ByAngelo Delos Trinos, writer at
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Angelo Delos Trinos

Warning: Spoilers for 'Game of Thrones' Season 6

Game of Thrones' sixth season was full of memorable moments, and one of the most iconic scenes from what many consider to be the best season of HBO's epic fantasy show was the return of Jon Snow (Kit Harington). Stabbed multiple times by traitorous members of the Night's Watch at the end of season five, fans waited months to discover whether or not Snow would return. His resurrection was dramatic.

Hail Caesar
Hail Caesar

In a sudden turn of events in a show notorious for killing fan-favorite characters, Jon Snow came back from the dead to rally the Northernmen together and unleash all kinds of glorious vengeance on the sadistic Ramsay Bolton (Iwan Rheon). Considering the show's habit of treating the Starks brutally ever since the Red Wedding, these few victorious moments were cause for celebration among audiences who supported the North way back in season one.

They Knew Nothing

While talking with The Wrap during their coverage of the Emmys, Kit Harington opened up about the creative process he had to go through while coming back as the bastard son of the Starks, including the difficulties of essentially playing the character blind for his first few scenes.

With Thrones, you always get two or three scenes each season that you know are very important, I found that this was one of my most powerful seasons on paper, and I wanted to do it justice.

Even if fans correctly guessed Jon Snow's fate, only Kit Harington and a few Game of Thrones writers knew about his resurrection before shooting for season six began. To pull off the emotional impact, Kit Harington was sworn to secrecy and had to lie to the rest of the crew, a moment he wasn't too proud of. Most of all, he felt bad about deceiving Sophie Turner, who plays his sister Sansa Stark in the show.

From 'Battle of the Bastards'
From 'Battle of the Bastards'
It wasn’t one of my proudest moments as an actor... I wasn’t convincing at all. I didn’t want to do a big speech and start crying, because I knew I’d be seeing these people next year... I don’t know why I chose Sophie, of all people, to deceive the most. I let her in on the secret last of anyone, really, and she was so sweet. She wrote me a letter about my leaving the show, and she bought that I wouldn’t be coming back. We’re all very pally with each other on our set, we’re like family, and she genuinely feels like a little sister to me. So I guess I kind of played tricks on her like an older brother would.

But as some people say, there's always a bright side to everything and that's exactly what Kit Harington found while playing dead.

I tell you what, it was kind of nice, having an excuse not to talk about it or do any press. I could observe the circus that surrounds it from the outside, but at the same time be front and center in the cliffhanger that was my death, or not my death.

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Jon Snow's Displeasure

Jon Snow's resurrection was a pivotal moment for both the story and the character not just because it brought one of the more popular characters back for even more A Song of Fire and Ice drama but because it gave him another level of depth. As important as it was, Harington, and pretty much anyone who was watching the show, was curious as to how exactly Game of Thrones would execute the scene.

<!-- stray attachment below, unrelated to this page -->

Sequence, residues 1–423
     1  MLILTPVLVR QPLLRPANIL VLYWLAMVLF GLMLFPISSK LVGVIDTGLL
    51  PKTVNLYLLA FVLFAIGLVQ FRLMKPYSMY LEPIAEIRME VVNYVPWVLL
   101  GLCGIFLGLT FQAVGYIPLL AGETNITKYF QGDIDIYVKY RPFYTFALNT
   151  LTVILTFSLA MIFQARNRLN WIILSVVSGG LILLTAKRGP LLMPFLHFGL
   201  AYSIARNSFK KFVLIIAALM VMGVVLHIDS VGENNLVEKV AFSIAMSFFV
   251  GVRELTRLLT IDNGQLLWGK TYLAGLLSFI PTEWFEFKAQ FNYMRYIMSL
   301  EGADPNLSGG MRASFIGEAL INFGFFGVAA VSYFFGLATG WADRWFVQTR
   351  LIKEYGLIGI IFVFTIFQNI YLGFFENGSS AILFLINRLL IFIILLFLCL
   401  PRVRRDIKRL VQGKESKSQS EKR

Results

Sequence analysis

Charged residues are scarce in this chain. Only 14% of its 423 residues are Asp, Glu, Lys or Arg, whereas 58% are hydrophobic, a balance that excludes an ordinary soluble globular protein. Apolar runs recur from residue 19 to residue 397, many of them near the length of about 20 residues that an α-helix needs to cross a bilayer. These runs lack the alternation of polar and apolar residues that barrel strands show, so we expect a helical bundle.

Brought to you by the Lord of Light
Brought to you by the Lord of Light
I knew I was coming back to life, but I didn’t know if I’d come back as a changed person, as a villain. So I couldn’t pre-plan anything, which was hard. … And then I got the scripts, and actually, he comes back as himself, as the Jon that everyone knows. Which at first I found disappointing. But it’s more subtle than that. He has an insight into what lies beyond that very few people in his world do, and that no one in our world does—he knows that there’s no afterlife. Which does quietly drive who he is and what he wants to do.

The actor's initial disappointment is understandable because at first glance, nothing about Jon Snow changed, despite his death. Fans of the books who were hoping for the show's equivalent of Stoneheart - the soulless and vengeful resurrection of Catelyn Stark, who was killed at the Red Wedding - felt cheated. As season six proved, however, the payoff was more than worth it.

Back for More

The changes in Jon Snow's character are more subtle than expected. Going down that route actually proved to be the better option, as interesting as a zombified Jon Snow may have been. It's possible the show's writers would have been able to pull off a Stoneheart-style resurrection, but in bringing Jon Snow back just as he was, only with more emotional baggage to carry, audiences focused on his development as a human being who saw the afterlife. There was thankfully no getting distracted by his undead appearance or the fact that he's a walking corpse, similar to Beric Dondarrion or Ser Gregor Clegane aka The Mountain.

A Song of Fire and Ice's long-delayed sixth entry The Winds of Winter may give Jon Snow a different fate following his stabbing at the end of A Dance with Dragons. That said, things are looking better for his televised counterpart after he avenged the Red Wedding, reunited with his sister and became the King in the North.

This joy won't last
This joy won't last

With two more seasons left to go before audiences find out who gets to sit on the Iron Throne, especially since they'll be shorter seasons than usual, Game of Thrones has a lot of wrapping up to do. The chance to see how Jon Snow will find closure is something that will keep viewers hooked on the show all the way to the story's promised bittersweet ending.

What did you think of Jon Snow's resurrection?


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